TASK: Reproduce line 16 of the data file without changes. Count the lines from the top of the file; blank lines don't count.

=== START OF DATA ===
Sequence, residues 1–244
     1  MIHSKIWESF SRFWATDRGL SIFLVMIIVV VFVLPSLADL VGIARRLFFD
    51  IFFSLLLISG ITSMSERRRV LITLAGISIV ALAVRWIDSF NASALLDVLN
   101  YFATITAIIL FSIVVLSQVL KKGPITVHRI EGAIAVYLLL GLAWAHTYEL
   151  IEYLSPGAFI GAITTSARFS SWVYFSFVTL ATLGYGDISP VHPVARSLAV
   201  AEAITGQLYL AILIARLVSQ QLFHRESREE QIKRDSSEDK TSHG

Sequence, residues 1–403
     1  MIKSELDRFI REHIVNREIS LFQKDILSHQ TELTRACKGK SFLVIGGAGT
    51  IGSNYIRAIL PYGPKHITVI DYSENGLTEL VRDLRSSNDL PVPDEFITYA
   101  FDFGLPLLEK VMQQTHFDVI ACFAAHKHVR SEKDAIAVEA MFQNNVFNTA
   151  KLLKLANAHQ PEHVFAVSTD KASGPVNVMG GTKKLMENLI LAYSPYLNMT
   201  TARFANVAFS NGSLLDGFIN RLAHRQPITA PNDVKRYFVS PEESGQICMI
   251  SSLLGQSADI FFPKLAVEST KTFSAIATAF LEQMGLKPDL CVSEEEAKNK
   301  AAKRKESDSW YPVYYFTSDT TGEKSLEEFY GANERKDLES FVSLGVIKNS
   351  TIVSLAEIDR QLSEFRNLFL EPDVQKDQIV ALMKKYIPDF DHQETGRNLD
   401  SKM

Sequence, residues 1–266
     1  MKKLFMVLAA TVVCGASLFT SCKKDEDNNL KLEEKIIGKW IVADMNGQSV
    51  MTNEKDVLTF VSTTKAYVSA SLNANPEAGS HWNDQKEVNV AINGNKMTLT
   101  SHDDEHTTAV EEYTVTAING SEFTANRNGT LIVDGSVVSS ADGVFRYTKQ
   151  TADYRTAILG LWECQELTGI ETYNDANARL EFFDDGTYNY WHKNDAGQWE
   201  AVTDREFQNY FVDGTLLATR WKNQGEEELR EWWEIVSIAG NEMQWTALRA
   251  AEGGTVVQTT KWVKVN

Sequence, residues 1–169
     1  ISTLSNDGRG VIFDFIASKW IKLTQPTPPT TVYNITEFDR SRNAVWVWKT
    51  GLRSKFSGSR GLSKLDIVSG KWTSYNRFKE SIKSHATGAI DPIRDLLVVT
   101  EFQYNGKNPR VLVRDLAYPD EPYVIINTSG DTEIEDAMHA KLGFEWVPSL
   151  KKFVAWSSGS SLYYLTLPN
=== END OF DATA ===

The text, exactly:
   401  SKM